Brazil's Banks Discover A Profit Machine: Making LoansBy
In the days of wildly rising Brazilian prices, inflation was a banker's best friend. Brazilian banks got nearly half their revenues from the "float," funneling funds from customers' checking accounts into government paper paying interest rates of more than 40% per month. But the days of easy money are over, brought to a halt by President Fernando Henrique Cardoso's currency stabilization plan. It has slashed monthly inflation to 1% and chopped banks' gains from the float to only 2.9% of revenues, from 40% just two years ago (chart).
Taming inflation has touched off a revolution in how Brazil's banks operate. Many banks now find themselves in the curious position of having to increase lending to bolster profits. Banco Bradesco, Brazil's biggest privately owned commercial bank, nearly doubled its loans outstanding, to $12.8 billion at the end of June, up from $6.6 billion a year earlier. Banks "can now get back to one of the major functions of a banking system--providing credit," says former Finance Minister Marclio Marques Moreira, a senior adviser to Merrill Lynch & Co.
SHUTTING DOWN. At the same time, the search for revenue is spurring banks to offer new products, from investment funds to computerized home banking and personal shopping services. "To survive and succeed, the banks are going to have to reinvent themselves--and many are," says Ira A. Jackson, senior vice president for external affairs at Bank of Boston, whose Brazilian branch ranks No.15 among the country's commercial banks.
For Brazil's economy, a successful overhaul of the banks is critical to sustaining the country's three-year growth surge, which is expected to boost gross domestic product by 5.5% this year. Banks will have to play a key role in mobilizing savings--which are still a modest 20% of GDP, compared with 25% in Chile--and channeling investments into productive sectors of the economy.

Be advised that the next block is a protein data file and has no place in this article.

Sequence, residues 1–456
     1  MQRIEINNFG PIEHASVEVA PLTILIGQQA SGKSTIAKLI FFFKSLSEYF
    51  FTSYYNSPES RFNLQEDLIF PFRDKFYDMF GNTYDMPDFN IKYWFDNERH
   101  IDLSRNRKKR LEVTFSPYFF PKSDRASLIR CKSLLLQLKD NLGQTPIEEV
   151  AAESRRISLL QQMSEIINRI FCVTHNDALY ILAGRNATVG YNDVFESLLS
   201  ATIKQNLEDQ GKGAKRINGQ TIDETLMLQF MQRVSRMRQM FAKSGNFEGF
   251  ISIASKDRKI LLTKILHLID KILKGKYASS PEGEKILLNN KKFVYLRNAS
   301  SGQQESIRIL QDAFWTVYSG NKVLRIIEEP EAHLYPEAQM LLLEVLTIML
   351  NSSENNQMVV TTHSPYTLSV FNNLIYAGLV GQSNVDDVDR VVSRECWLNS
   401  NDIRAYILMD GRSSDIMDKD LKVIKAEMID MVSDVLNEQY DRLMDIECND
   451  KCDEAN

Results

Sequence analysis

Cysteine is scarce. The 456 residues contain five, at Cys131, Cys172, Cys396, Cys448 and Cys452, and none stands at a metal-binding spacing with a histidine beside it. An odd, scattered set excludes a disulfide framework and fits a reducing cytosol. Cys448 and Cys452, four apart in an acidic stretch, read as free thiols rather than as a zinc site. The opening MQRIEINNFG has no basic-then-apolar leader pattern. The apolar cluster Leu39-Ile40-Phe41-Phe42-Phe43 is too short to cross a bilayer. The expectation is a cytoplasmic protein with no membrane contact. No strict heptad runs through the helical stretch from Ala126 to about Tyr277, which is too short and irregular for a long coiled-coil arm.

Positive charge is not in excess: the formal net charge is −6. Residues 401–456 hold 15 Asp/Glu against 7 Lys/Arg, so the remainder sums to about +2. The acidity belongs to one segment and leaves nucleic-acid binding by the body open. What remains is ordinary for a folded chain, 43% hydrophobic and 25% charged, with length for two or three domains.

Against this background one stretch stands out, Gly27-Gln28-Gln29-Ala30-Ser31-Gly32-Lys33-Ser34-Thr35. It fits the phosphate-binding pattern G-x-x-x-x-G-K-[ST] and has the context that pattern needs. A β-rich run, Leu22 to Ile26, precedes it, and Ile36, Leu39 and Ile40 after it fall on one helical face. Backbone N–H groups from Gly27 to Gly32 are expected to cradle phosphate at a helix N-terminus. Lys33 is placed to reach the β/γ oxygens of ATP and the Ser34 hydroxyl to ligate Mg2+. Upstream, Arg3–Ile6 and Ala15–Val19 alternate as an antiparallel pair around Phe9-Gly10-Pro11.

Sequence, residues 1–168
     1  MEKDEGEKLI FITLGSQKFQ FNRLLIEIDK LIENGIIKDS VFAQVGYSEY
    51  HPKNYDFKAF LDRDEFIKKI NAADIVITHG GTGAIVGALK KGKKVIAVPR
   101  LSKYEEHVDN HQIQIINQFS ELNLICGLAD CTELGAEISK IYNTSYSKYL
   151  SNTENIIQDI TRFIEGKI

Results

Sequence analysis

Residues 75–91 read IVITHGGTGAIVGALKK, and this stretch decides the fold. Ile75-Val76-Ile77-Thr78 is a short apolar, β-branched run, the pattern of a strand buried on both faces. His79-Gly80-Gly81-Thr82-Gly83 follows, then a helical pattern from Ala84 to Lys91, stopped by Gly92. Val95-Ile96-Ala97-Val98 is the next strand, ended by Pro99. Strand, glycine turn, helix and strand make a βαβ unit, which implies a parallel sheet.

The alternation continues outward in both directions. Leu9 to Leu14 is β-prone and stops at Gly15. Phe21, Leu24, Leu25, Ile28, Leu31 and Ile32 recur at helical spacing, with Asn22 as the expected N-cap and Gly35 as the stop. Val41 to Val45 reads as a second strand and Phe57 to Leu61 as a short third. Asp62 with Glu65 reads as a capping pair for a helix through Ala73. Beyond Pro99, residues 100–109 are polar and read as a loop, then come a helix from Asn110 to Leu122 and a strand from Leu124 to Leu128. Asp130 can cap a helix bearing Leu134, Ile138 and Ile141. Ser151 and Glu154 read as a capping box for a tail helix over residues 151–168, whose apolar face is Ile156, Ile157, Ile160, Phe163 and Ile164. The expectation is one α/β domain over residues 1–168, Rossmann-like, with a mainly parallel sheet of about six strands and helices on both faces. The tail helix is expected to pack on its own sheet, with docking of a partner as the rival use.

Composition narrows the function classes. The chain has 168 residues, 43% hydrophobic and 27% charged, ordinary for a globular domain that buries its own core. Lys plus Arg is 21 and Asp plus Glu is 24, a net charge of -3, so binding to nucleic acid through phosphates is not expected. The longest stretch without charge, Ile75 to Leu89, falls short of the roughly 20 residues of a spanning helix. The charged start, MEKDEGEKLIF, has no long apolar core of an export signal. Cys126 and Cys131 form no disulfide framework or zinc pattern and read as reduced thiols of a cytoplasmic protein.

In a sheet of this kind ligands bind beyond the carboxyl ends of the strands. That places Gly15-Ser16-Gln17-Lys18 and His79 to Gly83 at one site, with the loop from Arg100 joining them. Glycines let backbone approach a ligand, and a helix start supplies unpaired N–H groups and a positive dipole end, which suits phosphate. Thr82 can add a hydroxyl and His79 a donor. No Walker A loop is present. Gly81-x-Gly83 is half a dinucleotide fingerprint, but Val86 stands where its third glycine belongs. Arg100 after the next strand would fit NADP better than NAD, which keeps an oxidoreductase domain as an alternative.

Not all banks are ready for the tougher environment. Some that became overdependent on float gains have shut down. But Brazil's top commercial banks are making a smooth transition.
Take Unibanco, the fifth-largest private commercial bank with $14.1 billion in assets. It upped its lending and fees after revenues from playing the float fell from 49% of total revenues in 1993 to just 1.1% in the first half of this year. Despite that plunge, net income of $75 million in the first half was not far off the $82 million posted in the same period of 1994. Moreover, "we now have more investment banking and asset management opportunities," says Executive Vice-President Fernando Sotelino.
Lower inflation is encouraging middle- and upper-income Brazilians to use more credit and make longer-term investments. To attract their reals--Brazil's new currency--Unibanco has introduced such products as fixed-income and equity funds for investing at home and abroad and such services as personalized financial software for affluent clientes exclusivos.
TWICE A DAY. Banco 1, a Unibanco subsidiary opened in late July, emulates Domino's Pizza in upscale personal finance. In a hurry to get a few hundred dollars out of your account? Phone, fax, or E-mail Banco 1, and a courier will deliver the cash within 90 minutes, whether you're at home or at the shopping mall. Banco 1 even offers to set up floral arrangements and travel packages for clients. "Our strategy is that the customer should never have to leave his home or his desk," says Chief Executive Jose Ricardo Quintana.